French Reserves Happy With Their Roles

The San Antonio Spurs are a deep team that keeps winning. When a team is winning, there's rarely  The Associated Press 2012-11-26 anyone that's going to complain about anything, maybe playing time if there are players with egos. The Spurs are lucky to have players who put team first over self during the Tim Duncan era and this year is no different. Frenchmen Boris Diaw (playing in his first full season as a Spur) and rookie Nando De Colo are playing important roles for the San Antonio so far this year and are taking advantage of their opportunities as they discussed in an interview with BasketAmericain.com after their game against the Washington Wizards on Monday night.


After starting for a team that's been successful, there are players who make a big deal being benched. It's a relieving thought that Boris has the mindset like his Spurs teammate, Manu Ginobili. They both don't care if they start or come off the bench later during the game, as long as they contribute to the team and the team is benefiting with them on the court. Diaw mentioned Coach Popovich told him he and Tiago Splitter compliment each other nicely, which is true if you watch them on the court. With the Spurs' lack of overall big man depth on the bench, Pop was forced to start Dejuan Blair and add more strength to his bench. It's a great sight to not only see Diaw content with that, but also taking advantage of his opportunities with second string players like Patty Mills, Manu Ginobili, Stephen Jackson, and Tiago Splitter. Nando's statements are also encouraging.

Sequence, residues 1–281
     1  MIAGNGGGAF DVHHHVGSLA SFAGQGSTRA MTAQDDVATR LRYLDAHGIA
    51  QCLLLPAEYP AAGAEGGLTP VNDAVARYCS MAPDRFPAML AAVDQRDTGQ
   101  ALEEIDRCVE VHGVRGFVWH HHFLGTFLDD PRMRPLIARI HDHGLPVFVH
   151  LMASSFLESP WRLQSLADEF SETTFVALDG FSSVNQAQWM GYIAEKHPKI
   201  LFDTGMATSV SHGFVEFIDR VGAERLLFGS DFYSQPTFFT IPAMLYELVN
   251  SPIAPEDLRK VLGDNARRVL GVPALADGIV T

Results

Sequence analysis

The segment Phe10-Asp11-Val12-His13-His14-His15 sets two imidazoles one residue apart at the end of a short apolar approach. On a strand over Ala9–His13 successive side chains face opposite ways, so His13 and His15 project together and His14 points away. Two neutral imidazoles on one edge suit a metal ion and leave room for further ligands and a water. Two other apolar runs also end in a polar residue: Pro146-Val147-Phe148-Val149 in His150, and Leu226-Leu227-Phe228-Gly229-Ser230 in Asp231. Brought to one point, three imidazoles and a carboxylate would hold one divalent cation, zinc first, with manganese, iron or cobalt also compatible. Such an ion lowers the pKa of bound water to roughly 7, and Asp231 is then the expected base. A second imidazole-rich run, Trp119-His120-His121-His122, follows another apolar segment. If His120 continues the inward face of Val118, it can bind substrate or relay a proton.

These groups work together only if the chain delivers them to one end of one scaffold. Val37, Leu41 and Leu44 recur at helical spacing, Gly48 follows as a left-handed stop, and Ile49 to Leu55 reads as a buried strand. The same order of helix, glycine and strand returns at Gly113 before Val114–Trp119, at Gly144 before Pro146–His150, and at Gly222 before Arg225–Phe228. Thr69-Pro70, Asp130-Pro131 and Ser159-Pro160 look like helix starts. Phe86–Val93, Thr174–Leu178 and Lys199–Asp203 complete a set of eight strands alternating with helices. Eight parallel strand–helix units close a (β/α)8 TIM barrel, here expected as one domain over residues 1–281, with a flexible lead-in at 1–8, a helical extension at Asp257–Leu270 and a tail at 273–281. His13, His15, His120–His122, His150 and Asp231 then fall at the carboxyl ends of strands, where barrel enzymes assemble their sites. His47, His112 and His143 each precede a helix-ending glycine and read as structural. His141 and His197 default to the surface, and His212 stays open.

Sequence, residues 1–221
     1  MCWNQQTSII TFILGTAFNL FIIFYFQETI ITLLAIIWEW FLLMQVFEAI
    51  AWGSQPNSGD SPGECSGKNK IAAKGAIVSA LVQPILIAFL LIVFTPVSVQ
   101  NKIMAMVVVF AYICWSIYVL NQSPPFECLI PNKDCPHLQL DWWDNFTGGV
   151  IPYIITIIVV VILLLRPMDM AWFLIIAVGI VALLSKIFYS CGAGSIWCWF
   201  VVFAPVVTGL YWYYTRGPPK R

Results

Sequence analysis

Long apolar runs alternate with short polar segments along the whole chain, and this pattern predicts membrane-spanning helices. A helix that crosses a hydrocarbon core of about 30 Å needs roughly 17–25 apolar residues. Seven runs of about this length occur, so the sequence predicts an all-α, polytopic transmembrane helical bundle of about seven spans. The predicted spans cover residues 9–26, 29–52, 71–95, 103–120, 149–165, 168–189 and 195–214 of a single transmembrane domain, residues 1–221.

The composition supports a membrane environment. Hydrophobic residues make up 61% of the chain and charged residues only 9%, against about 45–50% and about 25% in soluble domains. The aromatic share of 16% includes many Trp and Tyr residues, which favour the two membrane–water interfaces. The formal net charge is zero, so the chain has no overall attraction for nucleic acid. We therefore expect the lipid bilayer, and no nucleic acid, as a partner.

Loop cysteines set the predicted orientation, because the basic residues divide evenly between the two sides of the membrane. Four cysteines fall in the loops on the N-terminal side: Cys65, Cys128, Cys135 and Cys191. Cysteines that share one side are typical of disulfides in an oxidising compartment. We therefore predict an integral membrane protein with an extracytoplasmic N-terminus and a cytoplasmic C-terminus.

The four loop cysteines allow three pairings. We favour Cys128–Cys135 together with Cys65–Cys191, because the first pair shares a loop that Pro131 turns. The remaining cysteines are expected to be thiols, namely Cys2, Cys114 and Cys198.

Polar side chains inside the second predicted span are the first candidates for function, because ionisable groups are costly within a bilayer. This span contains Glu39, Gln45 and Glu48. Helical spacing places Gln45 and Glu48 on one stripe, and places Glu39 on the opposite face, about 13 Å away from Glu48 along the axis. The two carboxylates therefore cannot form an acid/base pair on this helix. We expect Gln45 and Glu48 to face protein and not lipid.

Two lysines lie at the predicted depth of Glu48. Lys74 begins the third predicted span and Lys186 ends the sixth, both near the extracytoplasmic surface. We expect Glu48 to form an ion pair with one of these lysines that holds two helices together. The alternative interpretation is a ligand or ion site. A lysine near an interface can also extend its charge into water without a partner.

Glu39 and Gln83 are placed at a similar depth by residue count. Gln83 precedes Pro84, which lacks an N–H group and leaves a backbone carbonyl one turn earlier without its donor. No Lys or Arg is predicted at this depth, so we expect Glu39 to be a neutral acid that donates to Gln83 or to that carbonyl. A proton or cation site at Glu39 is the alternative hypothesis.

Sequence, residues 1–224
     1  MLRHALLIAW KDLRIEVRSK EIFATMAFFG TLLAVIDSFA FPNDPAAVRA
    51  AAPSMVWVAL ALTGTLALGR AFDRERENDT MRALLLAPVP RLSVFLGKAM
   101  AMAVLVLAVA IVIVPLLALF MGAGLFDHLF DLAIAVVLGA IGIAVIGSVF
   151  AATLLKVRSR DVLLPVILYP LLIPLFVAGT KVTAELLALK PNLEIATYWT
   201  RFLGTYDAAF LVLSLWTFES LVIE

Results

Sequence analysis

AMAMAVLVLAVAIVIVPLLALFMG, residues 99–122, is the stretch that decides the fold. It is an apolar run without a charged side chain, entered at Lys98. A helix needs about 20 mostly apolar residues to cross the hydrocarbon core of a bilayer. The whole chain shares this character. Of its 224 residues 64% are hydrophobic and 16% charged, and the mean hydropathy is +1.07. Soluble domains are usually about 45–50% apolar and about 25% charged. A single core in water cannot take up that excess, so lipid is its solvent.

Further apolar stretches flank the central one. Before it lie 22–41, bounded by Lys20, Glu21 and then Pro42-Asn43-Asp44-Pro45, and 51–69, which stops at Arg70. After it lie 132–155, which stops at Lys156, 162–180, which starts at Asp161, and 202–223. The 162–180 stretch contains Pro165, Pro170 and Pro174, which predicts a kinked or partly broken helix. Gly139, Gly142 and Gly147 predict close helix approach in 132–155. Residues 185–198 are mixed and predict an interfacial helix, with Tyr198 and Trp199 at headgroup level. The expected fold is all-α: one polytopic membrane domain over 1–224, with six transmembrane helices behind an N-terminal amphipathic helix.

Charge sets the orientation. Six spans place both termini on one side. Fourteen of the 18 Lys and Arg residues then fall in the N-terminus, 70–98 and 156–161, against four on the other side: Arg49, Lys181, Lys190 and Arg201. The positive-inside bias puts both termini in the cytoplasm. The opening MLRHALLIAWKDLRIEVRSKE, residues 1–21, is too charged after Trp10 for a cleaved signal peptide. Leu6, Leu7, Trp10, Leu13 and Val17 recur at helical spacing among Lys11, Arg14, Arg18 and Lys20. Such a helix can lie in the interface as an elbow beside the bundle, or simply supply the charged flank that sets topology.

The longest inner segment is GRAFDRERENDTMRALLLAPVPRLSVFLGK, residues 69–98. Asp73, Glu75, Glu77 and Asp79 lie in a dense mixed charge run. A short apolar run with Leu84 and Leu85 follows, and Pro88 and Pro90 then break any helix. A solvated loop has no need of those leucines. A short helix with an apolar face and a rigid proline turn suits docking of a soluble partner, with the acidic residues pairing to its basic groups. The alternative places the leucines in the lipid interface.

He admits he's still learning playing in the NBA and in a unique system like the Spurs. He also states that he's improving after every game, which is great news to an already deep team. He said he also needs to be patient with a deep team, but he's been getting minutes lately so that's a plus for him and it gives him more time to improve. It's also helped that he's had countrymen Tony Parker and Boris Diaw on the team since they know each other's tendencies and how to play alongside each other. When an out-of-country player comes to the NBA, he has to adjust on his own and learn on the fly with unfamiliar teammates and coaches. De Colo's been blessed to not only have friends on his new team, but also teammates who are willing to let him shine on the court if it means winning games, even at the sacrifice of their own statistics.

Quantcast